As a resource economist who lives and works in China and travelled to Europe end of January 2020, I was forced to stay in Berlin and could not return to China, due to the COVID-19 outbreak. In late February 2020, I was on my way back to China. While walking through the streets of Berlin I get the opportunity to pick up what people are talking about. The public media don’t miss making headlines to report the latest numbers. The coronavirus has arrived in Europe and at that time was already spreading in Germany. By mid-April 2020 the numbers of infected people in Germany had surpassed those in China and end of April Germany had 157,700 and China 84,000 confirmed cases of COVID-19. By June 12 those numbers increased to 186,691 infections and 8772 deaths in Germany and 84,216 infections and 4,638 deaths in China.
While in Berlin, I had witnessed a pedestrian shouting at two Asian-looking teenagers: “You Chinese Corona Scum”. A few weeks later, in China, the fear of re-imported cases grew and similar discriminatory expressions against foreigners in China had been reported by the German consulate in Guangzhou. Simple-minded thoughts associate the infectious disease to ethnicity, although the virus makes no such distinction.
Still in Germany on a train from Berlin to Düsseldorf airport, train passengers exchange the latest news about the novel Coronavirus. More cases were confirmed in days that went by. Important events like the International Tourism Exhibition in Berlin (ITB) had been cancelled and more COVID-19 cases were being confirmed daily. The same train passengers who just discussed the infectiousness of the virus, left the train, flocked to the elevator and squeezed in tightly, instead of taking the stairs. Despite just having discussed an infectious health emergency and the need for keeping distance, their social behavior didn’t change.
Maybe the virus has arrived in Europe and in the brains of people, but it hasn’t yet led to a change of group behavior. It seems as if the knowledge of the virus is insufficient to create a new reality and respective social behavioral change. If there isn’t a rule for it, which is in use, it can’t be real. People seem to be creating an imaginary distance between an inconvenient truth and the reality they feel comfortable with and are unwilling to give up for a new one. This process of changing behavioral rules, like social distancing, was then discussed for weeks among German politicians and the public and as the numbers of infections grew, the rules became stricter. While in February and March the wearing of masks in public was still officially described as being ineffective and unnecessary by Germany’s Chancellor, Minister of Health, the country’s top virologist and other authorities, by end of April, it was obligatory for all to wear a mask in public.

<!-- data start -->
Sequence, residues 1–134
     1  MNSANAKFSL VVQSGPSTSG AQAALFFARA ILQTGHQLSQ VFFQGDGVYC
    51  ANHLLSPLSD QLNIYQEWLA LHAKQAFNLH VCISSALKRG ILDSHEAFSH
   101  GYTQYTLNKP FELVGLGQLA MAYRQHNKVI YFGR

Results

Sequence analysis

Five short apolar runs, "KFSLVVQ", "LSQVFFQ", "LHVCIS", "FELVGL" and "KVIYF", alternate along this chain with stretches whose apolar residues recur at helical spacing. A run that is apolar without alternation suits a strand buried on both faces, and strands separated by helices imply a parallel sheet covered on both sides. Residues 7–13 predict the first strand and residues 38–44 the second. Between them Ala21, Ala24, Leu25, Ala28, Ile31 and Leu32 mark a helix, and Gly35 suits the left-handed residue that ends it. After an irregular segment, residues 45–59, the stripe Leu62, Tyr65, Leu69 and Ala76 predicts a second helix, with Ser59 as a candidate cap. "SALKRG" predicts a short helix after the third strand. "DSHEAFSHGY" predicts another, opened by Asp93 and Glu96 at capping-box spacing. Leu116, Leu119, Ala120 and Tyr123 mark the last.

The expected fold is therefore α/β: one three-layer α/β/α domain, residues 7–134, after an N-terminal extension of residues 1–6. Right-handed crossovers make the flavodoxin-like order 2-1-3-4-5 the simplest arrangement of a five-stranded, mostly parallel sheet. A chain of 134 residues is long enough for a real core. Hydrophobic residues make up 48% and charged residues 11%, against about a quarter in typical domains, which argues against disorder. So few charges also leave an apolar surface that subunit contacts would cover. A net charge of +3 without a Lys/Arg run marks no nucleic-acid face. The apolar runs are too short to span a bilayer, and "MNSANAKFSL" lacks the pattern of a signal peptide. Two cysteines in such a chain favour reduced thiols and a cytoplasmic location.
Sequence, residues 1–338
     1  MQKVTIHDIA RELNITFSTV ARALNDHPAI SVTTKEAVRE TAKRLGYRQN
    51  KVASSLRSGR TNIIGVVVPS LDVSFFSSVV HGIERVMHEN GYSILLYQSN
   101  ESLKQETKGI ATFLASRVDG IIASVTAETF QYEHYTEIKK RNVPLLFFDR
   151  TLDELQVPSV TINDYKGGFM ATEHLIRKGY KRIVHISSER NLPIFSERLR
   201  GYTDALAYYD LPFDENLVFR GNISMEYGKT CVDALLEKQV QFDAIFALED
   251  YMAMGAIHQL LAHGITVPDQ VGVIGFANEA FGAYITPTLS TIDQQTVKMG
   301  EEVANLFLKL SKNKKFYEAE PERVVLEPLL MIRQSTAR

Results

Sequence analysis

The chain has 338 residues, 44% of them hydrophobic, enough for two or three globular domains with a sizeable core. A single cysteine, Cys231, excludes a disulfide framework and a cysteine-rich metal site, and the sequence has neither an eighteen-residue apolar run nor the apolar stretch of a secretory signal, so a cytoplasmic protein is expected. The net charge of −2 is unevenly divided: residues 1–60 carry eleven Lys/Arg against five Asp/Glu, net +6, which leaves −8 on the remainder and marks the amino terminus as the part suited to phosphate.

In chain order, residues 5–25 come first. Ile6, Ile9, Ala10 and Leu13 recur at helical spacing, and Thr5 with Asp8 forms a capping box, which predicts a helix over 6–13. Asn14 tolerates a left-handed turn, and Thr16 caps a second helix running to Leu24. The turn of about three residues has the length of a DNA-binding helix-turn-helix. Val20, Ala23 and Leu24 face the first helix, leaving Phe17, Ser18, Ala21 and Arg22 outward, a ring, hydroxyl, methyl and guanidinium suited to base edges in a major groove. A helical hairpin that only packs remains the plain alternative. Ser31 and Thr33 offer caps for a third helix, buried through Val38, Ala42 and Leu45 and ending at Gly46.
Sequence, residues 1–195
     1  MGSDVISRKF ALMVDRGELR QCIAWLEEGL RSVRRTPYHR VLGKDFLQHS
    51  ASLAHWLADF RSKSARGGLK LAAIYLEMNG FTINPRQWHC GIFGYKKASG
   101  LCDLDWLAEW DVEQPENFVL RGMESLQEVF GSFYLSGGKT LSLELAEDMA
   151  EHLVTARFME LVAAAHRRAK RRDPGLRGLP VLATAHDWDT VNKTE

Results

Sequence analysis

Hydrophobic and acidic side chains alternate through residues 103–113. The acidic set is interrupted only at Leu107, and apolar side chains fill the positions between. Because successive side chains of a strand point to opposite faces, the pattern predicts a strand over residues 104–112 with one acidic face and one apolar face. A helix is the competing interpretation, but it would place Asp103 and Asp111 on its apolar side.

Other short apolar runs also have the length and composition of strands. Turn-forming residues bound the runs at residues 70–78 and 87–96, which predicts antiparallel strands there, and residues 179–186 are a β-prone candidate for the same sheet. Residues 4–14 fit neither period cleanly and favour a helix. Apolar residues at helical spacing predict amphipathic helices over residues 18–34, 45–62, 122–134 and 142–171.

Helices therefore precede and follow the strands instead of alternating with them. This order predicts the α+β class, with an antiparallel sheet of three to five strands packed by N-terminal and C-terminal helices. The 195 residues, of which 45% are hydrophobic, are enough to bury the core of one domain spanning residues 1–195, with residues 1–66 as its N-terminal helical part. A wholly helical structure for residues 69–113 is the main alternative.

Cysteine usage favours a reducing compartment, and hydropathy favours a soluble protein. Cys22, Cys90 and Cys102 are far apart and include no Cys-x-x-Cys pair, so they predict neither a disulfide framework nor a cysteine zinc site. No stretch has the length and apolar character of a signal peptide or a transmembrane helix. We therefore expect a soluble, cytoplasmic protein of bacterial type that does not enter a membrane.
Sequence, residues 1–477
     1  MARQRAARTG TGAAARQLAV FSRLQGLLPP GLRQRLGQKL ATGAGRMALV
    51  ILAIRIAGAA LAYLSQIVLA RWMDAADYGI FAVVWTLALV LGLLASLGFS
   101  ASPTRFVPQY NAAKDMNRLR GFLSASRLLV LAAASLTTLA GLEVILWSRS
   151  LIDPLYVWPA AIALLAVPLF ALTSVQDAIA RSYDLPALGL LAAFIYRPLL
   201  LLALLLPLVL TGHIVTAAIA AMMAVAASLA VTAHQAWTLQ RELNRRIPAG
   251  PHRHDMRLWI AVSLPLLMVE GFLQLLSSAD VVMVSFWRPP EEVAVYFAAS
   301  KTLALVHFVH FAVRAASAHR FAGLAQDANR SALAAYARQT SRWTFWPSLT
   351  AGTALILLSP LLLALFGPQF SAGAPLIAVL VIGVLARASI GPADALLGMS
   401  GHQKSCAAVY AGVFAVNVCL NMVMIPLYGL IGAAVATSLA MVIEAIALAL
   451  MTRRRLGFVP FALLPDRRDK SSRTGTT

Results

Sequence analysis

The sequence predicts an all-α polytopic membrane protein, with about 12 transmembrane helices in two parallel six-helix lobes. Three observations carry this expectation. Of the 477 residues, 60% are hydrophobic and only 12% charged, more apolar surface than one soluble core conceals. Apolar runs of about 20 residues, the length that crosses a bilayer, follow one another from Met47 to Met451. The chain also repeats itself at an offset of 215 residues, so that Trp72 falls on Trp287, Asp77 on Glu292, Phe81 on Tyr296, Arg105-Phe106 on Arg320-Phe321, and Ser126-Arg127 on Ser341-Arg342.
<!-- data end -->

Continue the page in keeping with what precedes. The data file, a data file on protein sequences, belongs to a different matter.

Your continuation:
How can this strange behavior of people and politicians be explained? It seems that people’s knowledge about something in one moment is not taken into account by their actions in the next moment. It takes time to change behavior and it needs to be based on rules. Knowledge is a necessary but not sufficient reason for behavioral change. It is not that people are not intelligent enough, rather individual intelligence is not enough for changing social behavior. Maybe people want the freedom to choose over their own health, however, when individual freedoms impact those of others, we are treading a thin line between individual freedom and social change.
The virus has no intention. It has evolved from environmental circumstances created by people and simply does what it does best: it looks for a new host for reproduction. By doing so it coincidentally is also taking people’s freedom to choose how to put their own health at risk. Smoking or eating unhealthy food is a choice we make by trading off health against pleasure. It is the freedom of choice by trading off health with pleasure, which every smoker makes every time lighting a cigarette. The danger of the new virus, it’s infectiousness, potential deadliness and the fear of a collapse of the healthcare system, prevents people from making that choice.